Between Battles, Ossendrecht, Netherlands, 23 October 1944.
National Archives of Canada (PA-143923, photo by Ken Bell).

Between Battles, Ossendrecht, Netherlands, 23 October 1944.

Gunner O.R. Weisner and Lance Sergeant S.C. Mitchell wash clothes during a lull in the action.

From November 1944 until early 1945, American and British troops repelled the Germans at the Battle of the Bulge. Canadian forces were inactive during the period, but new combat duties would soon present themselves. In February 1945, the 1st Canadian Army participated in its final operations of the Second World War.

Crowd Welcoming Canadian Soldiers, Leeuwarden, Netherlands, 16 April 1945.
National Archives of Canada (PA-131566, photo by Donald I. Grant).

Crowd Welcoming Canadian Soldiers, Leeuwarden, Netherlands, 16 April 1945.

The Dutch were ecstatic after the liberation of their country. They have never forgotten the efforts and sacrifices of Canadian liberators such as these Stormont, Dundas, and Glengarry Highlanders.
Infantry, Near Nijmegen, Holland, by Captain David [Alex] Alexander Colville.
Copyright Canadian War Museum (CN 12172).

Infantry, Near Nijmegen, Holland, by Captain David [Alex] Alexander Colville.

Soldiers from the 3rd Canadian Infantry march atop a dyke overlooking the flooded landscape.

The Canadians had two objectives. First, on 8 February, the 1st Canadian Army moved east of the Maas into the heavily fortified Rhineland. German resistance, always tenacious, became even more so as they were now fighting to defend their homeland. Nonetheless, by 10 February, the Canadians shattered the German defences of the Siegfried Line. The savage fighting continued. Only on 10 March was the 1st Canadian Army able to eliminate the last pockets of resistance. To this point in the German operations, the Canadians had suffered 5,304 casualties.

On 23 March, soon to be bolstered by troops from Italy, the Canadian Army crossed the Rhine, apparently headed for points east. By the beginning of April, however, plans changed and the 1st Canadian Army turned north. In the next few weeks, it liberated large portions of north-eastern Holland and attacked the north-western part of Germany to the Elbe River. Although this campaign was not without peril, the Canadian advances went largely according to plan. By 28 April, the Canadians had achieved almost all of their objectives.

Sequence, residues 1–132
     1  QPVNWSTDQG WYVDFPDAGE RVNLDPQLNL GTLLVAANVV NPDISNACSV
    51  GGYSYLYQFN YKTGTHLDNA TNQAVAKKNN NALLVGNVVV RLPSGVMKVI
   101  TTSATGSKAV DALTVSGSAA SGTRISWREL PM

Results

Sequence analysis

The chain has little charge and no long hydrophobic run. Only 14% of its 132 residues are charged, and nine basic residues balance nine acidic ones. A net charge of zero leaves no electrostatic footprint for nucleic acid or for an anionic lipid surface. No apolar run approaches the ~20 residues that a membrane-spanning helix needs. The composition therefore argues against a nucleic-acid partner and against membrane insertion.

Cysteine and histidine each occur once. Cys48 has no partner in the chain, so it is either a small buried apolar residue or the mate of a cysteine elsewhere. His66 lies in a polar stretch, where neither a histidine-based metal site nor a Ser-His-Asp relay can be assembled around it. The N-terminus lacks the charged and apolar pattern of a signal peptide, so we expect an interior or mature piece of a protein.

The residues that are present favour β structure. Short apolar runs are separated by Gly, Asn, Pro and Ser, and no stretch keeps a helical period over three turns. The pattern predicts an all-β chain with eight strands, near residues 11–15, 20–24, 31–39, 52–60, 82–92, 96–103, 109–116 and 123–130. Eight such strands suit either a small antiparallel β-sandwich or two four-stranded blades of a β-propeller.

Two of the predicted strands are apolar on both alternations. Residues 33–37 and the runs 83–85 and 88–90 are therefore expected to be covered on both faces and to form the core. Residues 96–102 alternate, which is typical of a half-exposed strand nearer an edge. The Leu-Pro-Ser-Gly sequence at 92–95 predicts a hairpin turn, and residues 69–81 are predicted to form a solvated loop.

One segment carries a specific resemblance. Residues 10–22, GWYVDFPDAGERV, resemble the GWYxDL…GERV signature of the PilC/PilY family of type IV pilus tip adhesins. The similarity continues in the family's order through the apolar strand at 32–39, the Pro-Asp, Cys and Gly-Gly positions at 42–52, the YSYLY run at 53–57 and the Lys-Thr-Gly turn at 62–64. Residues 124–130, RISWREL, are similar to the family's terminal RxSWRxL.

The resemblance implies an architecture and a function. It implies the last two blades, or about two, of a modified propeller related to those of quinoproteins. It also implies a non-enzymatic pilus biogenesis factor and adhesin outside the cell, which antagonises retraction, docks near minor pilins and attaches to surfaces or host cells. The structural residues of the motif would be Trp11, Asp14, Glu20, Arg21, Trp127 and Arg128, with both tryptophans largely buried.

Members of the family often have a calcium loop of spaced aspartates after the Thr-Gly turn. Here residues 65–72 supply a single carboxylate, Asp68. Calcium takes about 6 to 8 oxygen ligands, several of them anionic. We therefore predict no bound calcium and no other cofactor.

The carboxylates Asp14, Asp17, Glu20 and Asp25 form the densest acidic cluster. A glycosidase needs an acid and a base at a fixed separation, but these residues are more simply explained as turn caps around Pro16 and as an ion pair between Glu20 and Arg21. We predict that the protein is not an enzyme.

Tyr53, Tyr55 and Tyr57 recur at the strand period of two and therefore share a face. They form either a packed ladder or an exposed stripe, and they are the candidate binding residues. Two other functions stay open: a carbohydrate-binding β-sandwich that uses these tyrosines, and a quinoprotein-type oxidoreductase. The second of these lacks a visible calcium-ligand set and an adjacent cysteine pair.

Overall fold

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City of Edmonton Archives (Loyal Edmonton Regiment Collection, A98-96, Box 6).

Three letters documenting the battle injury that Lieutenant Campbell suffered in Italy in February 1945.

Three Letters: Lieutenant I.W. Campbell to His Father, James M. Campbell, 21 February 1945; Colonel R.T.E. Hicks-Lyne, Acting Director of Records, to James M. Campbell, 5 March 1945; Director of Records to James M. Campbell, 14 March 1945.

While the Canadians were being hailed as liberators of the Netherlands, the Third Reich was enduring its last agonizing hours. On 30 April, Hitler and his new wife, Eva Braun, committed suicide. Karl Dönitz, Grand Admiral of the German navy and Hitler's successor, finally surrendered Germany to the Allies on 7 May.



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City of Edmonton Archives (Loyal Edmonton Regiment Collection, A96-215, Box 15).

Message from the Army Commander to All Ranks 1st Canadian Corps.

Lieutenant-General R.L. McCreery commends the Canadian Corps for its service in the Italian campaign.
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City of Edmonton Archives (Loyal Edmonton Regiment Collection, A98-96, Box 5).

Letter from Major C.F. Swan to "Daddy," 4 May 1945.

Major Swan reflects on his wartime experiences in a letter to his father, J.F. Swan.
 

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